Some games do show progress towards achievements as you mention yours does, but it's done from within the game, not as part of the overall achievement framework.

As for why, my guess would be that it's done to simplify said framework. Control over how progress is determined and communicated is the kind of decision that's best left to individual games. Coming up with a unified interface that'd work for every possible achievement scenario just sounds like more effort than it's worth. It's a lot easier to make the framework binary (either you have an achievement or you don't) and let the game itself take care of the details -- some might choose to show a percentage completed, some would go for a "You found X of Y widgets" message, some would pick a different approach entirely or not show any progress.

As for why StackOverflow feels that achievement progress isn't worth implementing, that really belongs on Meta, but I recall reading somewhere that the idea is that badges are not a goal and achieving them isn't meant to be something you do on purpose. Some badges aren't achievable at all without a time machine and some are consolation prizes, not accomplishments.

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And yet we have people rep whoring and or racing for a high rep count.This is Common in All online communities/forums where such behavior is called Trolling A similar behavior to high scores in GAMES.But in a professional setting this is of much interest due to what it implies. what reason is there in displaying privileges progress ? is it not implicitly increasing the demand for rep count. As you so put badges are not a goal and achieving them isn't meant to be something you do on purpose. How is this any different with privileges.What kind of design logic differentiates them? –  Aditya P Apr 6 '11 at 5:03

Is there a reference for this statement about Xbox Live achievements?

The Xbox system pretty clearly does not provide a mechanism to track or display the progress of achievements (although some games may do this themselves via their own internal technology). I don't know of any official public statement anywhere that indicates that Microsoft intended this to be the design of the system, but given that it is a thing that hasn't changed since the achievement system was introduced I think it's fairly safe to assume that it is a design decision.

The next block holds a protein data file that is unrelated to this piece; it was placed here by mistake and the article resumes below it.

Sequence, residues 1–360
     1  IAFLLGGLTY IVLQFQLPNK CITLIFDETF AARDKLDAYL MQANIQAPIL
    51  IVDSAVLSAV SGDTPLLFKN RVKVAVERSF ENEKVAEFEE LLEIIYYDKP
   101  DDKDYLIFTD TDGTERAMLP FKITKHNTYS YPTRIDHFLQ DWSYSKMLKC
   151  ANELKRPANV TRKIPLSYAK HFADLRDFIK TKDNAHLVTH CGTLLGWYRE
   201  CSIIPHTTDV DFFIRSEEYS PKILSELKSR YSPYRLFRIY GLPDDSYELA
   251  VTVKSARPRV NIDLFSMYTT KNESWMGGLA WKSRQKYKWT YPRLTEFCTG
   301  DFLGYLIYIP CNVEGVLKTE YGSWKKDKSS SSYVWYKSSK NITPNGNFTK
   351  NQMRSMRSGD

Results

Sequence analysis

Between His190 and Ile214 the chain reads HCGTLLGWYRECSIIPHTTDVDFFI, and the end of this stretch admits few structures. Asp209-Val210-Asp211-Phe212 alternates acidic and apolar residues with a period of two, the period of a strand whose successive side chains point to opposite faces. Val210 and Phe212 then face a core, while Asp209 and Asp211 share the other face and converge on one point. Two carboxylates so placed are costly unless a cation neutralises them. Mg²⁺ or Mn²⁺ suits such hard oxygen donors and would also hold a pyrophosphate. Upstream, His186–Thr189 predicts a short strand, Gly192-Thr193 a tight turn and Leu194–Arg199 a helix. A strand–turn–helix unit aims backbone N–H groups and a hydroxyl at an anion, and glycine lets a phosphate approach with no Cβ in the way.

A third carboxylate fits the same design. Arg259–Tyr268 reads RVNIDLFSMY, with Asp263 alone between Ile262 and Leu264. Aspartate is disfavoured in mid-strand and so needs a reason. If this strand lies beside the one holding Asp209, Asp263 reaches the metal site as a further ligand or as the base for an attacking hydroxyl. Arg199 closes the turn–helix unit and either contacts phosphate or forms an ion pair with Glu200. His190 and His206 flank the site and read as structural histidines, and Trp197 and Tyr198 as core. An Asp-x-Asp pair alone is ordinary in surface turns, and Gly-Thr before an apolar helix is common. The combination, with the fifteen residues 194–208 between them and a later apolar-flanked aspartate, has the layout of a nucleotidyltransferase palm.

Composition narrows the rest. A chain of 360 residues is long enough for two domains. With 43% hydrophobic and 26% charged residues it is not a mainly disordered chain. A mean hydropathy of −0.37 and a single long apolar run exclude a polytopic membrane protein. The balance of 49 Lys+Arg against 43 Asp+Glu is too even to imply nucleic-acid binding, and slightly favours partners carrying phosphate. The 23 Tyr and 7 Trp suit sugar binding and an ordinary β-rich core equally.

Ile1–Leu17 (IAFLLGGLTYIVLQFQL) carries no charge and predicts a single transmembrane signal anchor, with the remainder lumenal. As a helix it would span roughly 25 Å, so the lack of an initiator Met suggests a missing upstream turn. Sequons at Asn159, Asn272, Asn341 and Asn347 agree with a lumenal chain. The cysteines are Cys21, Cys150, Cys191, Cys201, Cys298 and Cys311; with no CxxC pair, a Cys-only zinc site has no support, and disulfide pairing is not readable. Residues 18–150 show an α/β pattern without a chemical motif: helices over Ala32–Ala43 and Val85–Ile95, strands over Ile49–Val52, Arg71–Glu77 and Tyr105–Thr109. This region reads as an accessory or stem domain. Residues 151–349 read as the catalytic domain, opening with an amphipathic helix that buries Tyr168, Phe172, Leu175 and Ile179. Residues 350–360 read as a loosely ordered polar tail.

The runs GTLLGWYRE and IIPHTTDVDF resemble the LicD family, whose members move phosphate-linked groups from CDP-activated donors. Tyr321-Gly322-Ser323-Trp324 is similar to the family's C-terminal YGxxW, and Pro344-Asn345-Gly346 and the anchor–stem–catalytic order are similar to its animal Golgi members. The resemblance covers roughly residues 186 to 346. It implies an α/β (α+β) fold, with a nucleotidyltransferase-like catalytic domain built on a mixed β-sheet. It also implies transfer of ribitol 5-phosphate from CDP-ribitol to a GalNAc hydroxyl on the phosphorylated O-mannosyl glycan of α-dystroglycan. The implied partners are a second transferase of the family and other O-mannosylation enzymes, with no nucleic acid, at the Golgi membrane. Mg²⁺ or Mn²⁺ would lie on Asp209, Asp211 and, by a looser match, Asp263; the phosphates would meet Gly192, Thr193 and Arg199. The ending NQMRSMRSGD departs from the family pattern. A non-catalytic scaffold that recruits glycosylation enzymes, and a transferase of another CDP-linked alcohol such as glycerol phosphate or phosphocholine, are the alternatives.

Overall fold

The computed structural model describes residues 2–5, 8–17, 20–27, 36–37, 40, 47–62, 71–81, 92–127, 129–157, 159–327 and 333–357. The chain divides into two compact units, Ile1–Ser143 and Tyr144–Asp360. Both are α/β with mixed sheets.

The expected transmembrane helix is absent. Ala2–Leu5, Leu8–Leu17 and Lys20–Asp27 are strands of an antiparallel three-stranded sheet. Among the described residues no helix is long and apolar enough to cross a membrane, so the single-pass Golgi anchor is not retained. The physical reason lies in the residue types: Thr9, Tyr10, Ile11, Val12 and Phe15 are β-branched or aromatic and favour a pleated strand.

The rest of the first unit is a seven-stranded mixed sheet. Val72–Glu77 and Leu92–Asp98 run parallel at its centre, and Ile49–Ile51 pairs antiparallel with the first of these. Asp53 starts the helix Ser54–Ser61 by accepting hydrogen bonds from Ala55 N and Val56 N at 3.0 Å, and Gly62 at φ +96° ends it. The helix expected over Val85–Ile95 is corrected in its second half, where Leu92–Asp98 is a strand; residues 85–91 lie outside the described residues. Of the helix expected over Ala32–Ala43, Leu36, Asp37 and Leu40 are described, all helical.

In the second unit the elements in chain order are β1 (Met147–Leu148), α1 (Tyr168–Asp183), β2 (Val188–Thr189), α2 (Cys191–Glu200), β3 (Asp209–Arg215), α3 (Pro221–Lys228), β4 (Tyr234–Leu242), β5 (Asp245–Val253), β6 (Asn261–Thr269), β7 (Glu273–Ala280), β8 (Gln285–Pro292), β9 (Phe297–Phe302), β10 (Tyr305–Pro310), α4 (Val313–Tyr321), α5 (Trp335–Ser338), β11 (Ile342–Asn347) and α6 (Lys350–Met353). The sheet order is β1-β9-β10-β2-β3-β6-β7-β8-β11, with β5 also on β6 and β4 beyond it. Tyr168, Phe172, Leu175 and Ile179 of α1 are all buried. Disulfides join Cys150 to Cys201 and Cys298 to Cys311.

Why is this "by design"? In other words, what is gained by not showing achievement progress?

"By design" doesn't necessarily mean that there is any specific gain in the choice. It simply means that a choice was made, intentionally. That said, I think the system is easier for developers to handle when you don't have to implement progress tracking. It also likely simplifies any TRCs around achievements (what is or is not acceptable in terms of "tracking progress" for an achievement that is unlocked by reaching a particular point in the game's plot, for example?)

EDIT: In the general case, I think it could be argued that exposing the progress towards an achievement could expose too much of the underlying "spreadsheet" of the game. Whether or not that matters depends on the style of the game, I guess -- if you really want to encourage suspension of disbelief, maybe it's better to hide more of these mechanics that to show them.

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On the other hand, LittleBigPlanet 2 is probably the least spreadsheety game I've played in recent memory, and it tracks and shows progress on every conceivable axis. –  user744 Apr 5 '11 at 19:23
    
That's true. It's also pretty easy to ignore the spreadsheety bits unless the game really shoves them in your face. I don't particularly believe in the argument I put forth in my edit, it's just the only thing I've ever really heard. –  Josh Petrie Apr 5 '11 at 20:06

From a UX perspective:

To me I am not decided on the value of showing progress towards a badge, however badging is defined as different from earning points. It is also said it should reward quality rather then quantity, so not playing 10 games but winning 10 games, or trying out a new feature rather then doing something often. Which would indicate showing progress is irrelevant.

It's probably worth also browsing some pattern websites like http://developer.yahoo.com/ypatterns/social/people/reputation/achievements.html UI-Patterns or Patternry. You can also check the UX version of Stackexchange http://ux.stackexchange.com/questions/1231/should-i-use-user-generated-badges-to-reward-users

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"It is also said it [badge] should reward quality rather then quantity" - where is it said so? –  Markus von Broady Nov 7 '12 at 19:02